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The Impossibles sprang from the ashes of the tragically named Austin, Texas band 'thefatgirls' in April of 1994 when fatgirls members Rory Phillips (vocals, guitar), Craig Tweedy (bass), and Pat Elliott (drums) found themselves looking for a new singer and a less embarrassing name. Within weeks they were practicing with Gabe Hascall, at that point also a bass player for the Austin hardcore band loophole. Gabe sang one song in Loophole's set, a cover of the Avail anthem 'March', and it was this shining moment that caught Rory’s eye and convinced the future Impossibles they had found their sin ...read more
The Impossibles sprang from the ashes of the tragically named Austin, Texas band 'thefatgirls' in April of 1994 when fatgirls members Rory Phillips (vocals, guitar), Craig Tweedy (bass), and Pat Elliott (drums) found themselves looking for a new singer and a less embarrassing name. Within weeks they were practicing with Gabe Hascall, at that point also a bass player for the Austin hardcore band loophole. Gabe sang one song in Loophole's set, a cover of the Avail anthem 'March', and it was this shining moment that caught Rory’s eye and convinced the future Impossibles they had found their singer.
Acting as a stand-alone singer for the Impossibles first official show, Gabe soon also took on second guitar playing duties, a move that would prove critical to the future direction of the band. Writing songs with dual vocals and dueling walls of guitar sound, the Impossibles began to forge a sound reminiscent of their main influences at the time bringing together the alternative rock pop of bands like Weezer and The Pixies with the punk pop sound of bay area bands Green Day and Operation Ivy. After a short run of demo tapes the band recorded a full length self titled album, which they initially released on local label Red 5 Records and was soon picked up by Florida label Fueled by Ramen.
After a summer of touring on their first full length the Impossibles once again headed into the studio to record a follow up EP, ’Back 4 the Attack’. By this point the four members of the Impossibles were unsure of their futures, with several members wishing to pursue scholastic goals. The band decided to call it quits shortly after the release of their new EP, and would play their final show early the next year never to be heard from again...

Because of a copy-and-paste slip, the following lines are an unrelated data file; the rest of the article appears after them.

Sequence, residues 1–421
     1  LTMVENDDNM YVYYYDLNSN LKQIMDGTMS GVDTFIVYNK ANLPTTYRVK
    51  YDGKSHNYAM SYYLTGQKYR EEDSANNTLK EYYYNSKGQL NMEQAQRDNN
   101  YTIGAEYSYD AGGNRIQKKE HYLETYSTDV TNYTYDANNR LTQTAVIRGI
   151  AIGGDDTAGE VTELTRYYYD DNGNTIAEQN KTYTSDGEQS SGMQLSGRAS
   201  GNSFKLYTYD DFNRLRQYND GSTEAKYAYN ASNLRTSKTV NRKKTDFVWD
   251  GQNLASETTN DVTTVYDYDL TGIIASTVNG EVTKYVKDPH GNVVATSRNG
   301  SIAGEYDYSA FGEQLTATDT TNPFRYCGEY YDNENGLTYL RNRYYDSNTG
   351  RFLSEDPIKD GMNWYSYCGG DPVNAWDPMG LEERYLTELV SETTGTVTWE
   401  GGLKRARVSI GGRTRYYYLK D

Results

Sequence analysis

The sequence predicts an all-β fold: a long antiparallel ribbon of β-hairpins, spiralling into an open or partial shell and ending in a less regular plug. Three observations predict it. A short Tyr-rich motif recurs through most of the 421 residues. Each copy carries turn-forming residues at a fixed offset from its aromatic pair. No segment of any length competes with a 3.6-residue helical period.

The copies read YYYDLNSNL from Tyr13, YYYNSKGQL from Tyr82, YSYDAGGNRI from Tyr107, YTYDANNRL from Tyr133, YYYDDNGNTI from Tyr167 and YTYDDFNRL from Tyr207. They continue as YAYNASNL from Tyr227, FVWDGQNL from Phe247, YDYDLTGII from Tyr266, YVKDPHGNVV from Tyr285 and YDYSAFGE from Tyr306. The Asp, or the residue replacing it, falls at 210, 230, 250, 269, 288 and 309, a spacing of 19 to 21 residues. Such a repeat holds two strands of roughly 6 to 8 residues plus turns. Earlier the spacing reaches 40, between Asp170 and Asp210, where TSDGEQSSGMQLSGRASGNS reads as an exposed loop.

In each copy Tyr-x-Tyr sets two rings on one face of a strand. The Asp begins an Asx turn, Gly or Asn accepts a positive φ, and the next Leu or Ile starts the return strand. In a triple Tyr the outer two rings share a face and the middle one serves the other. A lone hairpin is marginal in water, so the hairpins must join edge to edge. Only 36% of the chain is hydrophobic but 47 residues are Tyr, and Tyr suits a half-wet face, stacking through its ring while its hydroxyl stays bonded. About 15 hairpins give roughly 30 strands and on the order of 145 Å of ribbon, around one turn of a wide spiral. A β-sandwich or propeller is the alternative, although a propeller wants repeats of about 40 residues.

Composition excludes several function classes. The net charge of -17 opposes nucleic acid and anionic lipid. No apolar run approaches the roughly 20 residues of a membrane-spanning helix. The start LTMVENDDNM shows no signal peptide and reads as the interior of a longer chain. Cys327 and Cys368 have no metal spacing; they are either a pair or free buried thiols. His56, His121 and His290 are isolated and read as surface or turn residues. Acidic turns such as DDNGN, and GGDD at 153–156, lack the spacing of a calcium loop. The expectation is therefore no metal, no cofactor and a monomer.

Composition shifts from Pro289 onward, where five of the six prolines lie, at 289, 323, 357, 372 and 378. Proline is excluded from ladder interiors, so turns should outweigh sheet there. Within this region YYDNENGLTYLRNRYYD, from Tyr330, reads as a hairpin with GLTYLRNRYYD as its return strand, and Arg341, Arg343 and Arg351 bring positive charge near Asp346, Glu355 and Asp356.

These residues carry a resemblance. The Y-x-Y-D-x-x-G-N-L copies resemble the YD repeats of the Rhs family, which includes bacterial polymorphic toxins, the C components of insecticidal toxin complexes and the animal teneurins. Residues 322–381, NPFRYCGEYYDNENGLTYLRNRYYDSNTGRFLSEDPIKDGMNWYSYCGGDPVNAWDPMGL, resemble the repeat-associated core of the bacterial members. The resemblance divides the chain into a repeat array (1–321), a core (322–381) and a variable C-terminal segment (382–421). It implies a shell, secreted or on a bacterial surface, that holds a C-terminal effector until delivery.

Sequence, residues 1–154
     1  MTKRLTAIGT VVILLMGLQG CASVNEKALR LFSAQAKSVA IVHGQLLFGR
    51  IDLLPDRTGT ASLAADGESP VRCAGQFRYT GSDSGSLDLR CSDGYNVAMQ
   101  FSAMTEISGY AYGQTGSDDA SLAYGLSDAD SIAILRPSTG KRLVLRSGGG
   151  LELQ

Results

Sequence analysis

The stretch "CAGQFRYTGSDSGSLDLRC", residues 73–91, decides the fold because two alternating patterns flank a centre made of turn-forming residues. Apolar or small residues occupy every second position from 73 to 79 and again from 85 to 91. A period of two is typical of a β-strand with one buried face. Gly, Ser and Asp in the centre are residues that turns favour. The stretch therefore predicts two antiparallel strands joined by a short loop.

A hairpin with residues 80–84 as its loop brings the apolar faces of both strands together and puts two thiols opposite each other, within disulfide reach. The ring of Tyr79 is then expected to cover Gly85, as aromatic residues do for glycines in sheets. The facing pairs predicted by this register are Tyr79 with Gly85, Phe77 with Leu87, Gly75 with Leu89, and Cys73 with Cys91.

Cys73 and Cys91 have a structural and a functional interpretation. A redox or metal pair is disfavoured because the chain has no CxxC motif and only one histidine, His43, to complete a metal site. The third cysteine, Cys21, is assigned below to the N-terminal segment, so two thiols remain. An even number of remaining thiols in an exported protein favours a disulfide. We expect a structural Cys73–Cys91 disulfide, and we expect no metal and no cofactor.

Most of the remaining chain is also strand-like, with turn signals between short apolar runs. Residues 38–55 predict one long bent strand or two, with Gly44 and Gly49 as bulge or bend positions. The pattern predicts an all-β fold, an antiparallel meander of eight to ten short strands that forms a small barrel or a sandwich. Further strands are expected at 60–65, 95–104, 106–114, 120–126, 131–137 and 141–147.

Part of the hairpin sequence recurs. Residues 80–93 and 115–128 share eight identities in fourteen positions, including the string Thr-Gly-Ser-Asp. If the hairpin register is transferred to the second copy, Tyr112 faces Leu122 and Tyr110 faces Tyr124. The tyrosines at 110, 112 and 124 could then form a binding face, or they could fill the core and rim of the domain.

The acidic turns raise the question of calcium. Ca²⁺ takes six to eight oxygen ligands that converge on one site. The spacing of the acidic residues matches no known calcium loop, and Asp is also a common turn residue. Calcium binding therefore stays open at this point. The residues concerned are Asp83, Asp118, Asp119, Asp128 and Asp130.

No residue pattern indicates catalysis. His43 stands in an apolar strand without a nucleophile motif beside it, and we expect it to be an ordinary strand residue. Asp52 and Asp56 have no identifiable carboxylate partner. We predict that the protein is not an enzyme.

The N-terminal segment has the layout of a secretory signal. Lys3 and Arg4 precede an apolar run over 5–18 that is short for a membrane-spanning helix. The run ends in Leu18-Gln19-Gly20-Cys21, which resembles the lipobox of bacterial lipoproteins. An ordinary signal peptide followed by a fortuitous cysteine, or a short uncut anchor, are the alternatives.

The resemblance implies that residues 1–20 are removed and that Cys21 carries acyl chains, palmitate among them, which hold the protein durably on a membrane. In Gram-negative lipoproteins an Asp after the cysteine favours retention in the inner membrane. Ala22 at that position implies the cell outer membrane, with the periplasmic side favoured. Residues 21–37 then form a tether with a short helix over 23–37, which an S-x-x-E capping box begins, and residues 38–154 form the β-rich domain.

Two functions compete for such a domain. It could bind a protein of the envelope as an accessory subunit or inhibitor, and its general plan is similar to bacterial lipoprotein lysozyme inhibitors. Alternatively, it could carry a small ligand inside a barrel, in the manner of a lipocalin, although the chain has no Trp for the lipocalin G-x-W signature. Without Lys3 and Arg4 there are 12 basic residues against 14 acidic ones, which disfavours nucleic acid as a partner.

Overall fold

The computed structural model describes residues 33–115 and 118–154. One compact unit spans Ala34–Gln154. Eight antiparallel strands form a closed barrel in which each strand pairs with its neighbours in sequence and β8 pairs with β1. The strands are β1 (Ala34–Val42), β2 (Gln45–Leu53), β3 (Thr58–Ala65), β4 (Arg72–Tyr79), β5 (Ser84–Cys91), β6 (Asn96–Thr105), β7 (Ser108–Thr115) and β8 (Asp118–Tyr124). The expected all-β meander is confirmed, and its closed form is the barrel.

Cut to winter, 1999. The first two Impossibles records on Fueled by Ramen along with the first demo recordings were collected into one CD, the Impossibles Anthology 94-97. After two years of playing in Imbroco and The Stereo, Rory found himself back in Austin and looking for a place to live. Although their contact was sporadic, Gabe and Rory somehow kept in contact enough to end up living together in a one-bedroom apartment in Austin’s Hyde Park district. Although the idea had come up from time to time, an Impossibles reunion wasn’t really feasible at any point until then, and somehow to everyone involved, it made perfect sense. Craig had been playing with Austin band Cruiserweight, but after much coaxing and convincing came back to the band solidifying the original lineup once again.
The following springs the Impossibles wrote and recorded 'Return’, their second full length and a noticeable departure from the original formula of ska meets pop rock. With two years apart and a lot of changes in musical influence, the Impossibles were now also incorporating influences from bands like Elliott Smith, Spiritualized, and Fugazi. At its core, however, the sound could still be found in the lyrical hooks and signature big rock guitars that had powered the bands earlier efforts.
The Impossibles hit the road and hit it hard in 2000, supporting acts like Less Than Jake and new found glory and headlining tours with Ultimate Fakebook and Cadillac Blindside, busting their chops and learning how to give their audience the same energy they received, pushing themselves every night to the point of breaking (sometimes literally) only to do it all over again the next night.
In spring of 2001 a new EP was recorded with hardcore super producer Brian McTernan entitled ’Brick Bomb’. The bands fourth effort broke even more new ground (much to the dismay of the third wave ska set, sorry kids) and honed their pop rock skills to a razor point. The songs are at times their most aggressive and their most subdued, but the sound is unmistakable.
After a 6 week US tour with the likes of grade and the movie life, the band found themselves at another impasse with the departure of their original drummer Pat Elliott and gearing up for 6 more months of touring, with their scheduled first tour of Europe in November 2001. Afterwards, being talked into a mini tour of Florida, the Impossibles retired to Austin, where they broke up shortly after.
On June, 2nd 2001 the Impossibles played their farewell concert at home in Austin to a packed house. A copy of their final moments were avalible on a DVD from Fueled By Ramen, and are sold out indeffinitly as no future pressings are planned.
The Impossibles will live on in the hearts and minds of the countless souls they touched with their music.
courtesy of Last.Fm « hide
Similar Bands: Operation Ivy, Big D and the Kids Table, The Suicide Machines, Less Than Jake, Imbroco
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